living in the Nearctic biogeographic province, the northern part of the New World. This includes Greenland, the Canadian Arctic islands, and all of the North American as far south as the highlands of central Mexico.
living in the northern part of the Old World. In otherwords, Europe and Asia and northern Africa.
having body symmetry such that the animal can be divided in one plane into two mirror-image halves. Animals with bilateral symmetry have dorsal and ventral sides, as well as anterior and posterior ends. Synapomorphy of the Bilateria.
uses smells or other chemicals to communicate
a period of time when growth or development is suspended in insects and other invertebrates, it can usually only be ended the appropriate environmental stimulus.
animals which must use heat acquired from the environment and behavioral adaptations to regulate body temperature
union of egg and spermatozoan
an animal that mainly eats leaves.
forest biomes are dominated by trees, otherwise forest biomes can vary widely in amount of precipitation and seasonality.
An animal that eats mainly plants or parts of plants.
fertilization takes place within the female's body
A large change in the shape or structure of an animal that happens as the animal grows. In insects, "incomplete metamorphosis" is when young animals are similar to adults and change gradually into the adult form, and "complete metamorphosis" is when there is a profound change between larval and adult forms. Butterflies have complete metamorphosis, grasshoppers have incomplete metamorphosis.
This terrestrial biome includes summits of high mountains, either without vegetation or covered by low, tundra-like vegetation.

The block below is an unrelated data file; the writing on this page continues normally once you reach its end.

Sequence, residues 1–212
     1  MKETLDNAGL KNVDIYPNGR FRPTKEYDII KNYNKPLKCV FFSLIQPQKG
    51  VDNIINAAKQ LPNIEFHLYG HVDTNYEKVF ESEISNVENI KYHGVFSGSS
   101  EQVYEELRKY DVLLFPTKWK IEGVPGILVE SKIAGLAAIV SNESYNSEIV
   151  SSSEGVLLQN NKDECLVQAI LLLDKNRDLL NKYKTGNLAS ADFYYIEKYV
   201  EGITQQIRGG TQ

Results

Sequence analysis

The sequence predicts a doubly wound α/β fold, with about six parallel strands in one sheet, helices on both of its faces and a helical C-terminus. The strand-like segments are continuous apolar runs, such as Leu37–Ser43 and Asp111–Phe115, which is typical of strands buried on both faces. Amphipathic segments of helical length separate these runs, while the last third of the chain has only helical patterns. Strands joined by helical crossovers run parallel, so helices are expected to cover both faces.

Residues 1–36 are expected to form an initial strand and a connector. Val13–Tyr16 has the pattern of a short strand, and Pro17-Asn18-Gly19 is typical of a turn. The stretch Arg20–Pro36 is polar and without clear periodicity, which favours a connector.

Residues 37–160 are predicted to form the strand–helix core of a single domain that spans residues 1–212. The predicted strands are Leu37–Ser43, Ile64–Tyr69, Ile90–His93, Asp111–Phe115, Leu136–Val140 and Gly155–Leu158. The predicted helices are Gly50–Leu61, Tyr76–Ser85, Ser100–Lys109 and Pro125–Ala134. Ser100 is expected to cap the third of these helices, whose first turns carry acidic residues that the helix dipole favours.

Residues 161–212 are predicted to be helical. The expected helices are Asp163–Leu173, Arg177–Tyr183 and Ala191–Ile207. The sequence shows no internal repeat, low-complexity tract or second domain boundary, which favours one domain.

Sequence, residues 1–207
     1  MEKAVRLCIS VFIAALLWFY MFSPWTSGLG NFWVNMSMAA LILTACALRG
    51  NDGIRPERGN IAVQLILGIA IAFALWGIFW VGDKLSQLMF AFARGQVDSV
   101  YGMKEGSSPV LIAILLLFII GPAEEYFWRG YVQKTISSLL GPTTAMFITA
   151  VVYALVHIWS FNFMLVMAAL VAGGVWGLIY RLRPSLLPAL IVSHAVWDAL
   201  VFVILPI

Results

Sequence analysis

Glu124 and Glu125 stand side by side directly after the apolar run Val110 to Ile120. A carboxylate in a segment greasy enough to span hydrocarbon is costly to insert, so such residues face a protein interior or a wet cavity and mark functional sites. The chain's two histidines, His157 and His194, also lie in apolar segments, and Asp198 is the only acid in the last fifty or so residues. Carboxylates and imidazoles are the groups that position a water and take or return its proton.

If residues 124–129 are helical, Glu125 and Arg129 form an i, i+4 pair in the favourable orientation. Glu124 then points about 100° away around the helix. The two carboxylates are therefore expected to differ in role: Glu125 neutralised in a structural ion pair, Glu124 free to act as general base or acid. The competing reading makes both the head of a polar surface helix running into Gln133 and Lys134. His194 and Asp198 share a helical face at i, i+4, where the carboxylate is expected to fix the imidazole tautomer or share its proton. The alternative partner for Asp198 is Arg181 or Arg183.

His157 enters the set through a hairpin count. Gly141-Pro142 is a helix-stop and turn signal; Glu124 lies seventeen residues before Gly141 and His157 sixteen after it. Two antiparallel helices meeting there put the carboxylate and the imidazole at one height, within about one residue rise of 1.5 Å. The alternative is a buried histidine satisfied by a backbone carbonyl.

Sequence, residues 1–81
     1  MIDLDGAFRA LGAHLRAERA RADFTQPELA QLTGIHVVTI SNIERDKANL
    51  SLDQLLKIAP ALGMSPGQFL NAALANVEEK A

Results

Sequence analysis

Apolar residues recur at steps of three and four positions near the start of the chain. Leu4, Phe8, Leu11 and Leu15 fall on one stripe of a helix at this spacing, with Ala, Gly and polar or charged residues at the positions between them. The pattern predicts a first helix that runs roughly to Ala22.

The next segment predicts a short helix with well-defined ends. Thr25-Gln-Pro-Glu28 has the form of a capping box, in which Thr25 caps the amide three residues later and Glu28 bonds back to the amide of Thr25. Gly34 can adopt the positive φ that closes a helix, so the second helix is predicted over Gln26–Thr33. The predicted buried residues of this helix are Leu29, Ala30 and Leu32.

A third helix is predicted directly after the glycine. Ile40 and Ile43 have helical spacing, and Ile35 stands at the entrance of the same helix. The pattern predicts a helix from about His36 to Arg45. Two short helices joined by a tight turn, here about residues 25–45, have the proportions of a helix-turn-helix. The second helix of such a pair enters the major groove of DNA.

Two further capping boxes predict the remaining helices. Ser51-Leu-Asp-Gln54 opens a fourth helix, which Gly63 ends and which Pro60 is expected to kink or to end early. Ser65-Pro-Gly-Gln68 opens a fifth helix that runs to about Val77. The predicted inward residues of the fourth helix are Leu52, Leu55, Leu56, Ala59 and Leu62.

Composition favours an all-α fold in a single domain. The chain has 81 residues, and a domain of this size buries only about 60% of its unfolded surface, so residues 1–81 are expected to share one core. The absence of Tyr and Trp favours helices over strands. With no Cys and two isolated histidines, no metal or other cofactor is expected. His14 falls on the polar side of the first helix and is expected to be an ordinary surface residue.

the area in which the animal is naturally found, the region in which it is endemic.
an animal that mainly eats nectar from flowers
reproduction in which eggs are released by the female; development of offspring occurs outside the mother's body.
chemicals released into air or water that are detected by and responded to by other animals of the same species
breeding is confined to a particular season
reproduction that includes combining the genetic contribution of two individuals, a male and a female
that region of the Earth between 23.5 degrees North and 60 degrees North (between the Tropic of Cancer and the Arctic Circle) and between 23.5 degrees South and 60 degrees South (between the Tropic of Capricorn and the Antarctic Circle).
uses sight to communicate
Austin, G., D. Murphy. 1987. ZOOGEOGRAPHY OF GREAT BASIN BUTTERFLIES: PATTERNS OF DISTRIBUTION AND DIFFERENTIATION. The Great Basin Naturalist, 47(2): 186-201. Accessed July 31, 2020 at https://www-jstor-org.ezproxy2.library.colostate.edu/stable/41712322.
Bartlett, T. 2012. "Genus Limenitis - Admirals & Viceroy" (On-line). Bug Guide. Accessed July 31, 2020 at https://bugguide.net/node/view/358.
Platt, A., R. Coppinger, L. Brower. 1971. Demonstration of the Selective Advantage of Mimetic Limenitis Butterflies Presented to Caged Avian Predators. Society for the Study of Evolution, 25(4): 692-701. Accessed July 31, 2020 at http://www.jstor.com/stable/2406950.
Porter, A. 1989. Genetic Evidence for Reproductive Isolation between Hybridizing Limenitis Butterflies (Lepidoptera: Nymphalidae) in Southwestern New Mexico. The American Midland Naturalist, 122(2): 275-280. Accessed July 31, 2020 at https://www-jstor-org.ezproxy2.library.colostate.edu/stable/2425913.